The Rosie Project, by Australian author Graeme Simsion (who taught at a university I attended actually, and while I may have never met him, I still think this qualifies as ‘smart by association’), is a witty and fresh look at the ‘chick lit’ genre, filled to the brim with chuckles and delightful characters.

Don Tillman is a highly intelligent Professor of Genetics (although I doubt you’d get many Professor of Genetics who weren’t highly intelligent) who likes things to be just right in his neat, tidy and very organised world.  And usually he is rather successful at achieving this in every aspect of his life.  Except one.  His love life.  Time and again Don finds he strikes out on the first date, so he decides to take ‘fate’ into his own hands and create ‘The Wife Project’ a detailed questionnaire that grills a woman from her drinking and smoking habits, to her profession, right down to how much stock she puts in ice-cream flavours.

Ingenuous.  There’s no way that this can go wrong in any way, shape or form.  In 20 pages he’ll find the girl and run off into the sunset.  Bada-bing, bada-boom.

Ha!  Remember, this is a ‘chick lit’ novel so expect a (thoroughly predicable) spanner in the works.

Enter Rosie.  She teams up with Don to discover who her long-lost father is and a connection is formed.  Which is all well and good, except she isn’t what Don, or ‘The Wife Project’ are looking for…plus he’s fairly flawed himself.

OK, so as I previously mentioned, this is a book that is easy to read with an uncomplicated storyline and loveable characters.  At no point will The Rosie Project end up on Australia’s 100 Books To Read Before You Die.  Graeme Simsion, while very successful in his own right, is most probably not going to go down as a remembered author, a la Orwell, Austen or Burgess.

But so what?  Reading these sort of books can go two ways.  You can get the awful, awful spectrum of ‘chick lit’ that is filled with ‘buxom babes’ who are covered in jewels, sleep with countless men and invariably end up in a murder/crime scene/sex scandal of some kind.

Yes, Jackie Collins I am referring to every single book you have ever written.

Now these type of books, while easy to read, also make your brain slowly turn to mush.  While it’s either the quality of the writing that does this, or the fact that their horrendous, derogative and downright sexist (ironic considering it’s usually a woman who has written them) plot lines cause you to start beating your head against a brick wall to make it stop.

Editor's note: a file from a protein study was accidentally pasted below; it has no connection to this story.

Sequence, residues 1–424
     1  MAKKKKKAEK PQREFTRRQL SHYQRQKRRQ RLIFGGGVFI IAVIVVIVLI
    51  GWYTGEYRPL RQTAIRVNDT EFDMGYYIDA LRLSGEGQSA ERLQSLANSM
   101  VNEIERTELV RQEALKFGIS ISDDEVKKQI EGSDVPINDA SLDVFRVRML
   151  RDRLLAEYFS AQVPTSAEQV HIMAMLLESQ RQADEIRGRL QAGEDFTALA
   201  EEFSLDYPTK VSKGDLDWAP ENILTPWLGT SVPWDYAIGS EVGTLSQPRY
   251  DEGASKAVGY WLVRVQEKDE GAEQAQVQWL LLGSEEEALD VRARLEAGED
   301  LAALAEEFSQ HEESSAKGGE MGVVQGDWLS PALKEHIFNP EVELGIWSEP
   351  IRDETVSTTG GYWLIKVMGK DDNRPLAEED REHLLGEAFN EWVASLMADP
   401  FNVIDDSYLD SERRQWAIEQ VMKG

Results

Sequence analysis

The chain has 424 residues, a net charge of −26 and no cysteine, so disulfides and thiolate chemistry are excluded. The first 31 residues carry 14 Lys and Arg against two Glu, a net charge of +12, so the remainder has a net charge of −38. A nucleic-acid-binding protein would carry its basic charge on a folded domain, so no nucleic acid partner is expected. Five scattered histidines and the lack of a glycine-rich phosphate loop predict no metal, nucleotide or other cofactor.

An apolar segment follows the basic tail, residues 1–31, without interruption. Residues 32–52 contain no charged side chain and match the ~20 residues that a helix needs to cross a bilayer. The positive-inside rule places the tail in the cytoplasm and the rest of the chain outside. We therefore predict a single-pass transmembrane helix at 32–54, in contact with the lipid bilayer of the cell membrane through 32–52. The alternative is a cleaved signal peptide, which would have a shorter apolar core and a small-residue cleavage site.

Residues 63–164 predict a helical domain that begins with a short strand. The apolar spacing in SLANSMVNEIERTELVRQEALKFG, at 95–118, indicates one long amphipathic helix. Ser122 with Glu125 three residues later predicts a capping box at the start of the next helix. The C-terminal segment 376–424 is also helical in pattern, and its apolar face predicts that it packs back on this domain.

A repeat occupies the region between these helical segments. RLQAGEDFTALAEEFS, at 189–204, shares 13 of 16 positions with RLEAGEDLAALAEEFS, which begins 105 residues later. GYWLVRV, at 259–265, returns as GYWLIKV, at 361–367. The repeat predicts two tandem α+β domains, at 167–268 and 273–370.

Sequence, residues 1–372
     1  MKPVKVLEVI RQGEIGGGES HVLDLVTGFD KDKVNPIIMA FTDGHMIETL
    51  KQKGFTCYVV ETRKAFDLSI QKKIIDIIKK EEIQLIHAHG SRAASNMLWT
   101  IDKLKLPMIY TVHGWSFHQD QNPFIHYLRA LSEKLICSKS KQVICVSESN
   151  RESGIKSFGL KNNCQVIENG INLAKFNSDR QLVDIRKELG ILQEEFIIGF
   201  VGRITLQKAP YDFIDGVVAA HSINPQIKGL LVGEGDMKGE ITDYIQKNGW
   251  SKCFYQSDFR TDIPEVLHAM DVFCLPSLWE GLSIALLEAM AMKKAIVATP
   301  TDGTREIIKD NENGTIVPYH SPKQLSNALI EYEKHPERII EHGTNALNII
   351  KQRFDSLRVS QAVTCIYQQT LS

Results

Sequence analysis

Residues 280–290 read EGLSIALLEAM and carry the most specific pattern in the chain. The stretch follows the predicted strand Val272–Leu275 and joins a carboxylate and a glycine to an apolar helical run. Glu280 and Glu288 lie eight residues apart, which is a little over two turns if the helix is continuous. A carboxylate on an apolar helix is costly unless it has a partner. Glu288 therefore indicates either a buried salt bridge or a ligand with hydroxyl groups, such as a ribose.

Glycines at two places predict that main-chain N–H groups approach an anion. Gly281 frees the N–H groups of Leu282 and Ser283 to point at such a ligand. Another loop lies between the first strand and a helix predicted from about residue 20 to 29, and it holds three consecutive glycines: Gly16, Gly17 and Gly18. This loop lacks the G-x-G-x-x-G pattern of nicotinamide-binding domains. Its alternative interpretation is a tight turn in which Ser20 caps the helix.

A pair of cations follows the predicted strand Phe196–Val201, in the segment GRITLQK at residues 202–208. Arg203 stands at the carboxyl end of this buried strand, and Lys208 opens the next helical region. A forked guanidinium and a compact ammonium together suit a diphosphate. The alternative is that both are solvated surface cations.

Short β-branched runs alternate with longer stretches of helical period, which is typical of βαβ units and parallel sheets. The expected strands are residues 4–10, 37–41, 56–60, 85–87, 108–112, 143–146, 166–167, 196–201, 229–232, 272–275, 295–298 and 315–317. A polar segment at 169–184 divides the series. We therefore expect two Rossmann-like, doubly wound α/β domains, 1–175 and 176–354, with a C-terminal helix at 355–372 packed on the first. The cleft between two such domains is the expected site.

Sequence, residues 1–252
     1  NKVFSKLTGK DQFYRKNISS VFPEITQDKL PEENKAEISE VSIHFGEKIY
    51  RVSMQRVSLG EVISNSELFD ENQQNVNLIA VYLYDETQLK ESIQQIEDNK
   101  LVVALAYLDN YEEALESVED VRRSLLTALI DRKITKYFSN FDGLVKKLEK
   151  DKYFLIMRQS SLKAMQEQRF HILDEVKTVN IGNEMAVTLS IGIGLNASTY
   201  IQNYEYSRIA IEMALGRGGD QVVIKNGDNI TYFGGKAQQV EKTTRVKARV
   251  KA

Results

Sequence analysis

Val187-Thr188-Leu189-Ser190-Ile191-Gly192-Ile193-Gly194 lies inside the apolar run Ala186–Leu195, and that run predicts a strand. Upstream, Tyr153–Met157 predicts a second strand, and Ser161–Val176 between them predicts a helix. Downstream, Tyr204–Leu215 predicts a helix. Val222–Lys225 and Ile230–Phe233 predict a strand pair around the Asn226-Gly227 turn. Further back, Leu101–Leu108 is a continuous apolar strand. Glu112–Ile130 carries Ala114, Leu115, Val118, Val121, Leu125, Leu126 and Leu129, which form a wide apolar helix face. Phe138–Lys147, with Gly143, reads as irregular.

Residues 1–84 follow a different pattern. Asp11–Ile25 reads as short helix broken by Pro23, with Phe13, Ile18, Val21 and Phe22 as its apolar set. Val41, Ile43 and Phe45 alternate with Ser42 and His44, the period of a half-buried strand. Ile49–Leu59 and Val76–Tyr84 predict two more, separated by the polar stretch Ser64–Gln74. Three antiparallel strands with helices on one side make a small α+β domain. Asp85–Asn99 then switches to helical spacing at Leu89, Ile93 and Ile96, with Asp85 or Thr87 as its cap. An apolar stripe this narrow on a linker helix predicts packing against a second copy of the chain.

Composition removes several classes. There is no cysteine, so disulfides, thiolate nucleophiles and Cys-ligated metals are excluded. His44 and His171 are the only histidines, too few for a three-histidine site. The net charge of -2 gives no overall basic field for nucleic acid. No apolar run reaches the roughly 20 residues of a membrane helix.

Or, you get a second type of chick lit that while still easy to read, reminds me of that lovely feeling of adjusting to a warm bath. Ahhhh.  Lovely.  And The Rosie Project was one of these.

Sure the story line was predicable, the twist practically non-existent and the finale an absolute cliche.  But it was also a story that had charming, three dimensional characters.  Simsion’s writing was clear and enjoyable to read, but also without the unnecessary fluff so often in this genre.

At times, I truly wanted to have a chuckle as I reading, which backfired more than once as I have a tendency to read in public.  And I absolutely fell in love with the narrator and titular character, Don Tillman.  Not in a “I want to marry you” kind of way, but in a way where he just resonated with me.  Simsion doesn’t paint Don as a perfect Lothario who has a way with the ladies, but rather the opposite.  He’s awkward, obsessive, socially inept but at the bottom of it he really does care for Rosie, and that is far more charming than a guy who knows the right thing to say at the perfect time.

While I think it is important to try different genres when it comes to literature, and the ‘classics’ are a necessity if you want to understand how books and styles of writing have evolved, I also do get a lot of joy out of picking up a fun book that I can read in a couple of days.  Particularly one that is well-written too.

For anyone who wants a bit of a laugh, a light read, a likeable character, or perhaps even a few cheeky references to Melbourne (my home!) then The Rosie Project would be a wonderful read for you.

What do you think of ‘chick lit’?  Do you prefer light reads or the heavyweights?  Do ‘comedy’ books really make you laugh?  Let me know!

the rosie project by graeme simsion

The Rosie Project – (image taken from